I travel frequently in my job as a reporter—in fact, I’m typing this on a plane right now. After each trip, I start to evaluate which gadgets I used the most, which apps I found most useful, and—most importantly—which gadget mistakes I made.
We’ve all been there: You decide on a whim to bring your heavier and faster laptop instead of your new MacBook Air and then have to lug the thing to every meeting. Or, you bring a car charger along only to find out that your rental has USB ports for your phone. Here are a few of my own recent revelations, and what I could have done differently to get more work done.
1. Use a battery management app
An Inc. colleague told me about an app that proved to be a life-saver on a recent trip. (And by life-saver, I mean the battery life on my phone.) I was testing a powerful Android phone with a large screen and 4G service. I quickly realized the specs were handy at the office, but on the road the phone could barely make it through lunch. The colleague recommended the Juice Defender app, which disables the data connection and other wireless services, and dims the screen, to make the battery last much longer.
2. Bring a back-up 3G/4G card
I recently wrote about outdated business gadgets. One of them was a Mi-Fi device, which allows you to share a carrier signal with co-workers. I stopped using them because my phone has a hotspot built-in. But that doesn’t mean I skip a back-up method for getting on the Internet. Lately, I’ve been toting along a small 4G card that plugs into my laptop – just in case the airport Wi-Fi doesn’t work.
3. Go slim with your laptop bag
I’ve been testing a new bag called the Ace Messenger. My laptop fits snugly inside, and there is just enough space for some earbuds, a charger, my phone, an Apple iPad 2, a few cables, and a 3G/4G card. (I have been travelling light lately and loving it.) I used to carry a larger bag with a back-up battery for my laptop and phone, larger headphones (Princess Leia-style), and sometimes even an extra laptop. (Actually, I am still partial to bringing two laptops.) The laptop bag does not look techie, so it can double as a briefcase with notepads and pens for meetings, but it has extra padding inside.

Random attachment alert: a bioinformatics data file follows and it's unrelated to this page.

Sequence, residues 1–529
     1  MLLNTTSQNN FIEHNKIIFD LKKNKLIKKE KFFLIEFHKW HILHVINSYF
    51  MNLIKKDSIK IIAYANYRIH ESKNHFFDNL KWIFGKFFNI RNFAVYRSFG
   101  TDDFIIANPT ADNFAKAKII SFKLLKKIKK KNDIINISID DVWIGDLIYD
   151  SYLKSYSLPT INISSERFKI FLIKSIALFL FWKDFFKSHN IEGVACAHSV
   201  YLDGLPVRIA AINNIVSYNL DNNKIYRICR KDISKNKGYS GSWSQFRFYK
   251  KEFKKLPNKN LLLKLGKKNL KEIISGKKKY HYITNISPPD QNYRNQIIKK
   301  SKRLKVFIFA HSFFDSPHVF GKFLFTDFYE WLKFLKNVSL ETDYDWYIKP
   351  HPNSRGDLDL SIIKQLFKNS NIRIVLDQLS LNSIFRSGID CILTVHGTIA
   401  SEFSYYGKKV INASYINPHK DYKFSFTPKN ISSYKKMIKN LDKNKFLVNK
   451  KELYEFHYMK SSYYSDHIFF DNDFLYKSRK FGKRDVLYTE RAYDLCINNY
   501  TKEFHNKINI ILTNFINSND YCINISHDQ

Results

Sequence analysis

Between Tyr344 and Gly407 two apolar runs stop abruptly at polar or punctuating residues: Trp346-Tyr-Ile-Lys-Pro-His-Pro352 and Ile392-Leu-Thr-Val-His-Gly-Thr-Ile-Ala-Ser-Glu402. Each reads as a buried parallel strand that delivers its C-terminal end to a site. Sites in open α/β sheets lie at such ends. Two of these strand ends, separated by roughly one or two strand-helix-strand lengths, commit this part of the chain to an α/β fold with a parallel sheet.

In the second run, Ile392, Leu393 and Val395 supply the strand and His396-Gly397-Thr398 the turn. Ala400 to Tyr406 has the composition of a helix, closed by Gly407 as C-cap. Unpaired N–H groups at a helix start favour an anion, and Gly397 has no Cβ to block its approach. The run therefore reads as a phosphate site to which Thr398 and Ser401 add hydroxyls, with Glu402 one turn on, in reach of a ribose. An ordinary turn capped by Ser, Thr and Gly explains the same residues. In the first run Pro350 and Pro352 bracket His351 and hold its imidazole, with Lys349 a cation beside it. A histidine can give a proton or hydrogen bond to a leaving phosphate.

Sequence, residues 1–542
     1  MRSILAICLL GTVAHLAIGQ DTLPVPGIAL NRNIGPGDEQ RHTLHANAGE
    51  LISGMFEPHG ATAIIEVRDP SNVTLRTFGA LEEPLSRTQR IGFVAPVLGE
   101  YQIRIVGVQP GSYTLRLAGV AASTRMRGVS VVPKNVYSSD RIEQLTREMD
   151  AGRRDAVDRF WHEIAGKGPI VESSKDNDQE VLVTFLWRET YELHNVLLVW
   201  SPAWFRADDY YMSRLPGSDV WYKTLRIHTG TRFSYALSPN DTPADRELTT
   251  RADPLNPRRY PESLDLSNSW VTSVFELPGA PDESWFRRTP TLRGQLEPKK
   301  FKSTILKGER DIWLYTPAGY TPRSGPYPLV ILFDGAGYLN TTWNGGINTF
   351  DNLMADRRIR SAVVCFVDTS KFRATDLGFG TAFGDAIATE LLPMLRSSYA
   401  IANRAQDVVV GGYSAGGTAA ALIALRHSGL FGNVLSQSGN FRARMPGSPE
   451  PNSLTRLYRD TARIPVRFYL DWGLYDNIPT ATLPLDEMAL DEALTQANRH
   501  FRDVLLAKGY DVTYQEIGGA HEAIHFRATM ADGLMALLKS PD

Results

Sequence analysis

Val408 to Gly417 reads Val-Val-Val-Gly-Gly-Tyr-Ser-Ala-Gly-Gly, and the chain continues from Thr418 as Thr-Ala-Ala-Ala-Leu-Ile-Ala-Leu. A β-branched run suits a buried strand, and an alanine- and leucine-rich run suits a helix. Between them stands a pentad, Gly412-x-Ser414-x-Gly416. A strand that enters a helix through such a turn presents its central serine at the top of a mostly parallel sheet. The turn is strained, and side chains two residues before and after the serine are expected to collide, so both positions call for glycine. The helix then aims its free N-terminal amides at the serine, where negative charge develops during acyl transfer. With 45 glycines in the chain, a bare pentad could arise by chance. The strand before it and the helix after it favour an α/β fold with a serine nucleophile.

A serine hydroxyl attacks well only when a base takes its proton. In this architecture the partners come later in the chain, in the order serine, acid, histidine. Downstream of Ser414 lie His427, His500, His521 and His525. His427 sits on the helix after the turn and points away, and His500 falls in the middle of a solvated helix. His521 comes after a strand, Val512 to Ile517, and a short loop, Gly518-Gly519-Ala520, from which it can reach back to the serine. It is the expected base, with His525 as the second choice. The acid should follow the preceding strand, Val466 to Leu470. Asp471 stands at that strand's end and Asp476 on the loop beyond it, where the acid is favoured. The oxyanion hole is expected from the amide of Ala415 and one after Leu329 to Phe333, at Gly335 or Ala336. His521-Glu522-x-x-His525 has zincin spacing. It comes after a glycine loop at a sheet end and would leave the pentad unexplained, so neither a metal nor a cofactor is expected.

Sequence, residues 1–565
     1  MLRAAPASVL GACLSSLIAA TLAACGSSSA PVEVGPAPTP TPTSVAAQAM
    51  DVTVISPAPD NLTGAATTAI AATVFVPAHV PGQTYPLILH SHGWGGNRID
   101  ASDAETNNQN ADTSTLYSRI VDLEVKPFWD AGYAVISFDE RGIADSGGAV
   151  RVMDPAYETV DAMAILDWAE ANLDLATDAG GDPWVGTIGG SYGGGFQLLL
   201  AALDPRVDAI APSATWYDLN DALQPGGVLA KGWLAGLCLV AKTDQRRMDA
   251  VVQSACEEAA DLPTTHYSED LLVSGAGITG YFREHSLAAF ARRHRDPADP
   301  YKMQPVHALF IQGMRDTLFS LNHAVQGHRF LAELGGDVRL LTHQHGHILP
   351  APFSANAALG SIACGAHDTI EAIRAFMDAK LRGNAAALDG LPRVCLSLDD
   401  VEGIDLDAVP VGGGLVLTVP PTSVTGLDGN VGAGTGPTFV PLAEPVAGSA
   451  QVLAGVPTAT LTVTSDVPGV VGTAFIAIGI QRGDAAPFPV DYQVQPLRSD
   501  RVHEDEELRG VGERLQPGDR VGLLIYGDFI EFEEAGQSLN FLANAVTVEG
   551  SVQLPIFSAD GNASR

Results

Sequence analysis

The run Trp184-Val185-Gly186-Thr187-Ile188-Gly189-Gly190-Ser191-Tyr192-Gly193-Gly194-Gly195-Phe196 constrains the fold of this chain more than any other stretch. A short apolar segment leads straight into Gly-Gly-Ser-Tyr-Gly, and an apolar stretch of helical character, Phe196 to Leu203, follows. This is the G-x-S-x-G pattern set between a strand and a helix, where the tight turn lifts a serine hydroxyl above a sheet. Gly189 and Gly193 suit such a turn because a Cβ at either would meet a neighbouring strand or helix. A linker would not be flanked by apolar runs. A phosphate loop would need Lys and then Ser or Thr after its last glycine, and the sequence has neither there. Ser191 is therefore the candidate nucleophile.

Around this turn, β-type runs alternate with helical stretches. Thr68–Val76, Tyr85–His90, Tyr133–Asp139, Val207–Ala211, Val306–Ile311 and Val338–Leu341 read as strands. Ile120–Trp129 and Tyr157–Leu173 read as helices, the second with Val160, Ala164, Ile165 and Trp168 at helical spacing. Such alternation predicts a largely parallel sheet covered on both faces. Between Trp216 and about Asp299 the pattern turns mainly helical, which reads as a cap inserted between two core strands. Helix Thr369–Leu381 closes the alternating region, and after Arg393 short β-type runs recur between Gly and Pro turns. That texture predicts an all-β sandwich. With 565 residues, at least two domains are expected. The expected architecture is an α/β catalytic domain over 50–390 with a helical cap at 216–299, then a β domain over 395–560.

4. Pen and paper
This is a very recent lesson: I like going analog on occasion. I know I can always type notes at meetings with a laptop or the iPad, but recently I have taken a break from the pixels and just scratched out written notes. Of course, at my hotel every night, I’ll type in the notes to Evernote for long-term storage and easy access from any device.
5. An über organizer for your social networks
In a recent column for Inc. magazine, I wrote about the wonderful social networking tool called Sprout Social. I’m still using it months later as a paying customer. One reason I like the tool so much—other than the colorful interface, the rating system that shows your engagement levels, and the handy reporting tools—is the fact that I can post one message that is sent to multiple social networks in one shot. Okay, some experts warn against this—you probably have a different set of followers on Twitter, LinkedIn, and Facebook. For me, there are times when I do post only to one of those, but I often post something relevant to all three audiences. Sometimes, I even post the same message to a non-business Facebook account. Sprout Social now has an app for iPhone and Android phones, but they still don’t have apps for tablets.